A Warning to Secretary Clinton: Economic Sanctions Kill the Innocent by Steve Clemens. November 1, 2011
I sat across the table from my new friend, Dr. Ali, an Iraqi Radiologist who was visiting Minneapolis as part of the Sister City delegation from Najaf, Iraq. We were between scheduled appointments in a busy schedule which was set up by The Iraqi & American Reconciliation Project, the sponsoring nonprofit organization which helped bring 8 medical personnel and a journalist from Minneapolis’ newest Sister City to the country that continues to occupy his nation and people. What he told me yesterday morning serves as a cautionary tale that our Secretary of State, Hillary Clinton, must weigh before she continues her threatened assault on Iraq’s neighbor – and our latest nemesis – Iran. Her proposed weapon of economic sanctions should not be cavalierly invoked before we learn the lessons from our most recent experience in Iraq.
Dr. Ali was only 11 years-old when President Bush the Elder led the movement to place economic sanctions on the people of Iraq, hoping to force the withdraw of Saddam Hussein’s troops from neighboring Kuwait in 1990. An unprecedented bombing campaign and a very brief 3-day land war in 1991 that left Iraq in shambles but Saddam remaining in power quickly followed it. The U.S.-led economic sanctions remained in place for an additional 12 years until President Bush the Younger decided to complete his daddy’s war with his own. In the interim, President Bill Clinton kept the comprehensive economic embargo in place despite the cries from humanitarian officials who pointed out the consequences to the people of Iraq, especially the children. Hillary Clinton’s predecessor, Secretary of State Madeline Albright, serving under her husband’s presidency, notoriously observed that she thought “it was worth it” when asked by a journalist about the excess deaths of more than a half-million Iraqi children midway through this cynical attempt to have the Iraqi people rise up to overthrow the brutally repressive Saddam regime.
I visited Iraq in December 2002 as part of the Iraq Peace Team just a few months before our present long war was reignited the following March. For many of the Iraqi people, economic sanctions, combined with U.S. bombing on average every three days during the Clinton years, were just a continuation of war in a lesser form. I visited hospitals and schools, water treatment plants and homes and talked with Iraqis during that trip, shocked at the devastating toll the Iraqi people paid from wars and sanctions. I had no idea that almost 10 years later I’d be sitting across the table at the Riverside Perkins restaurant over coffee and hearing another personal story of the continuing tragedy.
At age 11, and coming from a Kurdish family now relocated just outside of Baghdad trying to avoid the bombing campaign, Ali had neither the power or the ability to rise up to overthrow the oppressive dictator, ostensibly the goal of the economic sanctions campaign – but he now bore the brunt of it. He told me that he often only had one or two meager meals a day for many years. In school he noticed how his teachers often had to take second jobs to support their families and his father had to take second and third jobs to support his large family which included four brothers and three sisters – with Ali as the oldest sibling.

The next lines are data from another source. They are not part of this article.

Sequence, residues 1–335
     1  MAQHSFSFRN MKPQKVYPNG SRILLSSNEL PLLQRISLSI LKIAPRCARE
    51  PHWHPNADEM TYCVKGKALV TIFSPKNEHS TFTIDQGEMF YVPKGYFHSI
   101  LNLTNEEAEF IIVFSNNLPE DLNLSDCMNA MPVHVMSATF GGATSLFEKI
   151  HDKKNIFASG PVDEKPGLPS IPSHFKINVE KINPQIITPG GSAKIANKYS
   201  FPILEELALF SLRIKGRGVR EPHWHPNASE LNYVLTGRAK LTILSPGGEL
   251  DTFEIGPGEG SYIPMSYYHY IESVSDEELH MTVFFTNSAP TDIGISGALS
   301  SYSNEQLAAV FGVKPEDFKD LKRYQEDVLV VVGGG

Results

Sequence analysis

He went on to tell me about his mother’s breast cancer that was diagnosed in 2000 while Ali was in Medical College. Her cancer remained untreated because no chemotherapy or radiation treatment was available due to restrictions under the economic sanctions. She died 1 ½ years after diagnosis, at age 40, from lack of proper treatment; her youngest child just over one-year old. The frustration and horror of not being able to get the medical care she needed was a major factor in Dr. Ali choosing to make Radiological Medicine his specialty after he graduated and completed his two-year medical internship. After six years of Medical College and two years of government-mandated internship, Dr. Ali worked another four years to become Board Certified as a Radiologist. He now must work five years in a placement approved by the Ministry of Health (based on need and his ranking in exams) before he is free to practice wherever he’d like in Iraq.
Although he doesn’t speak the Kurdish language, Dr. Ali hopes to learn it and someday move back to the northern region of Iraq where his relatives come from. He would like Americans to better appreciate the suffering the Iraqi people have undergone not only from the wars but also the economic sanctions which so degraded and destroyed his country in less dramatic and slower (but as deadly) a way.
Now, if only Secretary Clinton and President Obama would take the time to talk to everyday Iraqis before threatening the mothers and children of Iran with the same failed policies. Hillary Clinton talks about empowering girls and women yet her strategies make them some of the first victims. One of the greatest tragedies from our wars is that we either learn nothing from them or learn the wrong lessons. As Armistice Day approaches on November 11th, let us join with my friends of Veterans For Peace to remember and reflect rather than glorify war and our warriors.